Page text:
Photo: Pradeep Gaur/Mint
Photo: Pradeep Gaur/Mint

NPAs may rise further to 10% by March 2017: Santosh Kumar Gangwar

Minister of state for finance Santosh Kumar Gangwar attributed rise in bad loans to a host of factors such as domestic growth sluggishness in the recent past

New Delhi: Bad loans of the state-owned banks are likely to go up further to 10.1% by the end of the current fiscal, minister of state for finance Santosh Kumar Gangwar said, quoting a report by the Reserve Bank of India (RBI).

In a written reply to the Rajya Sabha, the minister said the RBI’s financial stability report had said that “under the baseline scenario, the GNPA (gross non-performing assets) ratio for public sector banks may go up to 10.1 per cent by March 2017".

He attributed the rise in bad loans to a host of factors such as domestic growth sluggishness in the recent past, slowdown in recovery in global economy and continuing uncertainty in global markets, leading to lower exports of various products like textiles, engineering goods, leather and gems.

The other factors responsible for the rise in NPAs include ban on mining projects, delay in clearances affecting power, iron and steel sector, volatility in prices of raw material, shortage in availability of power and also aggressive lending by banks in the past.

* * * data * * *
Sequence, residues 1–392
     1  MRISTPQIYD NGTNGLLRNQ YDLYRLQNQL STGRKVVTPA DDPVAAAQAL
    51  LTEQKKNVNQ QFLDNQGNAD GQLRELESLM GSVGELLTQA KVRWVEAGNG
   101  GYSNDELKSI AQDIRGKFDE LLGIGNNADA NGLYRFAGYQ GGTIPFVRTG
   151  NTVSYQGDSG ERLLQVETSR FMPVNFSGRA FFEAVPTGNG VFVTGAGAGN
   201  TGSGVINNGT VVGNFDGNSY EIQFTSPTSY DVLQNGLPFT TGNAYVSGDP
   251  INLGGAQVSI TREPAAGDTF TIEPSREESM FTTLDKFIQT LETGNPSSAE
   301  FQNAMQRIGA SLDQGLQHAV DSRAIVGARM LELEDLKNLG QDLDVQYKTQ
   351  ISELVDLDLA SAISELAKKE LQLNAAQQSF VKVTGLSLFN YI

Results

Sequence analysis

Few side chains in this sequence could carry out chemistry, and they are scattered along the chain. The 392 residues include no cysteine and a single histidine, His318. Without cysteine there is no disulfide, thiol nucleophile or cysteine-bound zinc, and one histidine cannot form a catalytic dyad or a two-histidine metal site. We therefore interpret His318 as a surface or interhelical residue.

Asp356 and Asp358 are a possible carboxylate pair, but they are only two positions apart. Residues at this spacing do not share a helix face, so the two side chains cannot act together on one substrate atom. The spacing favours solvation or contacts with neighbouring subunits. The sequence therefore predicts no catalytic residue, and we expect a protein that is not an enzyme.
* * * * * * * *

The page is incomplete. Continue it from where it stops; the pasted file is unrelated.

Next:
GNPA jumped from 5.43% ( 2.67 trillion) in 2014-15 to 9.32% ( 4.76 trillion) in 2015-16, Gangwar said in a reply to another question.

The minister further said there were 701 NPA accounts above 100 crore amounting to 1.64 trillion in public sector banks as on December 2015. The RBI, he added, has also submitted a list of defaulters of above 500 crore to the Supreme Court in a sealed cover.

The minister, in yet another reply, said there were 8,167 wilful defaulters with NPAs of 25 lakh and above. They collectively owed 76,685 crore to the banks. The banks, he said, filed first information reports in 1,724 cases and recovered 3,498 crore from 1,650 such defaulters in 2015-16.

The minister said both the government and the RBI have taken a number of measures to deal with the problem of mounting bad loans. These include addressing the issues in sectors such as power, steel and textiles; establishment of debt recovery tribunals, formation of joint lenders’ forum and introduction of the strategic debt restructuring scheme.

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